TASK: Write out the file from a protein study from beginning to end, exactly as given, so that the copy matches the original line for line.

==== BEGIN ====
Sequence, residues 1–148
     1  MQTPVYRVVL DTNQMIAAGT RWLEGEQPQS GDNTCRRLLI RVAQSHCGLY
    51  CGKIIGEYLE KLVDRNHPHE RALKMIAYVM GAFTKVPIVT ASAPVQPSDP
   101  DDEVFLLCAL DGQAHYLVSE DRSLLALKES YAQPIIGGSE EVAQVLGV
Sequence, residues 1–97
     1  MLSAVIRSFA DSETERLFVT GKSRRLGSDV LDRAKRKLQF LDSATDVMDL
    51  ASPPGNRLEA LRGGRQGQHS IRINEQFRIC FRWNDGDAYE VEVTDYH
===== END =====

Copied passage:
Sequence, residues 1–148
     1  MQTPVYRVVL DTNQMIAAGT RWLEGEQPQS GDNTCRRLLI RVAQSHCGLY
    51  CGKIIGEYLE KLVDRNHPHE RALKMIAYVM GAFTKVPIVT ASAPVQPSDP
   101  DDEVFLLCAL DGQAHYLVSE DRSLLALKES YAQPIIGGSE EVAQVLGV
Sequence, residues 1–97
     1  MLSAVIRSFA DSETERLFVT GKSRRLGSDV LDRAKRKLQF LDSATDVMDL
    51  ASPPGNRLEA LRGGRQGQHS IRINEQFRIC FRWNDGDAYE VEVTDYH